Following the link I noticed the kit has link and length tracks, PE and separate hatches. Maybe the Blitz thing is aimed at making a kit with no interior and fewer parts, but not going back to the very old everything molded on days.



Hi, Randy!

Yes, I agree with that...
M4A1Sherman
Visit this Community
New York, United States
Joined: May 02, 2013
KitMaker: 4,245 posts
Armorama: 4,078 posts
Posted: Friday, July 26, 2019 - 09:41 PM UTC

Quoted Text

Das Werk are releasing Takom's Panther Ausf A without an interior, which I think is likely to be the same idea as this Blitz kit. Haven't seen any reviews as yet.



Hi, Norman!

Yes, I think we'll be seeing a slightly divergent trend for "abbreviated" kits from various different manufacturers so that they can hold on to the modelers who feel/felt that they were a little bit "out of their depth" because of the growing complexity of model kits, especially 1/35 Armor...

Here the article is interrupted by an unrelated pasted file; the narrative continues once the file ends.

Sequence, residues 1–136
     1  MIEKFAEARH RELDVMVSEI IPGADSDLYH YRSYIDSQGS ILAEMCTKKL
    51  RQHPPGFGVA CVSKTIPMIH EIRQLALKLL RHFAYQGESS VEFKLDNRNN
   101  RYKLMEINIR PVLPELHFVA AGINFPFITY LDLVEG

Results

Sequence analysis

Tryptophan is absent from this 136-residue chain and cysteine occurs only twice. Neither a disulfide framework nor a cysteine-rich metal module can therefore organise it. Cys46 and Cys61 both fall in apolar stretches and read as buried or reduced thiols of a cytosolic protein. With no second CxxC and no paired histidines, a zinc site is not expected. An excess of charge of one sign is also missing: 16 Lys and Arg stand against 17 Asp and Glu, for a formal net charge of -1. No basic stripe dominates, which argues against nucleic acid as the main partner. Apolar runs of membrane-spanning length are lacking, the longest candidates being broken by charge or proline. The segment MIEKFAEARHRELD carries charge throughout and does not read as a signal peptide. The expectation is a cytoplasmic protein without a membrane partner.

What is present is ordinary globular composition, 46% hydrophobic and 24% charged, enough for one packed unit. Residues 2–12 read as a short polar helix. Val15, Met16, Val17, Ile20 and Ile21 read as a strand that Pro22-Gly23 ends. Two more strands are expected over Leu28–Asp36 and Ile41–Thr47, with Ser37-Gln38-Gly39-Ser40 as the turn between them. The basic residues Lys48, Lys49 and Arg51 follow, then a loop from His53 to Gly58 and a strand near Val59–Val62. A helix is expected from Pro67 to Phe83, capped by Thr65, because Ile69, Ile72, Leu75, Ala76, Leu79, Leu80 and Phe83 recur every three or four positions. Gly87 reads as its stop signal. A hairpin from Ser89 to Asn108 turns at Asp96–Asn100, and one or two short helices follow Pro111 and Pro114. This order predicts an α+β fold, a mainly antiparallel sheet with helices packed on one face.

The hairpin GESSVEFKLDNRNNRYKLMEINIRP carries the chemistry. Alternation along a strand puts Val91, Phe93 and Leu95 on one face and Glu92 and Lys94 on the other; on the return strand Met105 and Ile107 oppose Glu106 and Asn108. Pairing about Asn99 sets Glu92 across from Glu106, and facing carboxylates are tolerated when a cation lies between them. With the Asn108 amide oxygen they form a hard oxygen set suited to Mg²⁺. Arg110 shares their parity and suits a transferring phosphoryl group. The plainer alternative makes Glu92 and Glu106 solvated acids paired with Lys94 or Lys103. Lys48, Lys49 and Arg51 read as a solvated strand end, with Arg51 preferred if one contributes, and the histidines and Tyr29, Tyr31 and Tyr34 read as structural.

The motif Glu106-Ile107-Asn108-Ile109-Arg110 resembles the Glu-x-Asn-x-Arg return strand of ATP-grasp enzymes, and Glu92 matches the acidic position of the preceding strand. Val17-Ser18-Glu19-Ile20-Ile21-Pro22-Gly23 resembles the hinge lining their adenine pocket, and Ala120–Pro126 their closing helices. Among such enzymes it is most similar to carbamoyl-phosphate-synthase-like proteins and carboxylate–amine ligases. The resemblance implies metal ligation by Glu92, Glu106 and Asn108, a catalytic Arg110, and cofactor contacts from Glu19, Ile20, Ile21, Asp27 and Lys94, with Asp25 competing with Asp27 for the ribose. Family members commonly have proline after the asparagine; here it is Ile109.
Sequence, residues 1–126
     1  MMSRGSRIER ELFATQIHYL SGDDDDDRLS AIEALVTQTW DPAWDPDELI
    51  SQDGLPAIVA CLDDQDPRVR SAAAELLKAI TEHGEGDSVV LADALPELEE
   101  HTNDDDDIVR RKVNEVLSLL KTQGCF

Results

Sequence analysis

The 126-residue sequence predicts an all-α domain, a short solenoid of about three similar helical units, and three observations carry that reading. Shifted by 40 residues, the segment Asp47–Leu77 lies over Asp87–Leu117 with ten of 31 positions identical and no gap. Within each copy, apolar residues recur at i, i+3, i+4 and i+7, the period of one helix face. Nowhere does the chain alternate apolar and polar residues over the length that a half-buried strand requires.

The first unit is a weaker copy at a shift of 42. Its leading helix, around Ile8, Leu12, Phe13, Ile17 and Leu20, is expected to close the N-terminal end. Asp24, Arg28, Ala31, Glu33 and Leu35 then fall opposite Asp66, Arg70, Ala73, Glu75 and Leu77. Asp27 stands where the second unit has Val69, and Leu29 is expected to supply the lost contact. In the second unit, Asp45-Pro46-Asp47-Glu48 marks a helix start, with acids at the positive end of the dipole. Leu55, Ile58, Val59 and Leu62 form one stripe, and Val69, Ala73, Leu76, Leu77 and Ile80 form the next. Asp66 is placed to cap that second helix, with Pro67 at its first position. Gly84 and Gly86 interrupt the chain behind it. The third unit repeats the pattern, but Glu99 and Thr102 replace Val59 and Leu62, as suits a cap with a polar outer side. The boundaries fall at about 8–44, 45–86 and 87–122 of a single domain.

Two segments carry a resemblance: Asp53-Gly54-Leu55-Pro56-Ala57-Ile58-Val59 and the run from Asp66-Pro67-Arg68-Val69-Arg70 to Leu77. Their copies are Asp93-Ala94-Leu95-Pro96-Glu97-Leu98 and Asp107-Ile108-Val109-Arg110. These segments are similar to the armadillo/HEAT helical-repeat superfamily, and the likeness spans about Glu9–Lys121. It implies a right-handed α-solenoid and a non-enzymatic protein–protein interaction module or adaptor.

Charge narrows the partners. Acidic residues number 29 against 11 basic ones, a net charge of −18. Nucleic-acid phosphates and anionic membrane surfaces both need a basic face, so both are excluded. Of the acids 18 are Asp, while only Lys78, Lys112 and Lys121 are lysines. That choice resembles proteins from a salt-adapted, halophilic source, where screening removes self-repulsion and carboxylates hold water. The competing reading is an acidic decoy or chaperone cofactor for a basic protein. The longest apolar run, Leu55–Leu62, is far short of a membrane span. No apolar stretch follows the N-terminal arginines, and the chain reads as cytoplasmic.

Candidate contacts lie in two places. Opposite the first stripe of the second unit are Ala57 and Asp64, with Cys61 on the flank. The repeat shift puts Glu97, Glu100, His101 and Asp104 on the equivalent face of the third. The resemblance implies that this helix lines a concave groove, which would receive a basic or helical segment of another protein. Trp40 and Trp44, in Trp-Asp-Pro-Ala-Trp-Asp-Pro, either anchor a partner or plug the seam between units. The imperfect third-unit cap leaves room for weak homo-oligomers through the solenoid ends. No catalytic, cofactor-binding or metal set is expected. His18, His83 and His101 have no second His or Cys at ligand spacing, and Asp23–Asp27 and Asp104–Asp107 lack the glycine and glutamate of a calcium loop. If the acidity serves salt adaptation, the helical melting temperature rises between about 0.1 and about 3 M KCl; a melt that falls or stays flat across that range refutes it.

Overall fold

Simplicity, up to a certain point, can't be too much of a bad thing, can it..?
nsjohn
Visit this Community
Scotland, United Kingdom
Joined: July 26, 2018
KitMaker: 135 posts
Armorama: 129 posts
Posted: Friday, July 26, 2019 - 11:53 PM UTC
Hi Dennis. I agree. The recent trend is for companies to have specific sprues for the interior and exterior of the kit, and therefore they can release a cheaper kit simply by omitting certain parts. I don't think they would retool the exterior sprues as that would seem to be an unnecessary expense with no cost benefit. I think it would be wrong to regard them as simplified as the exterior will still be the same, and as we all know they can be far from simple. They will want to differenciate these kits from their full kits hence the "Blitz" label in the same way as Dragon have their Orange Label, or by selling through 3rd parties such as Das Werks. I hope I am right as it can only benefit the hobby.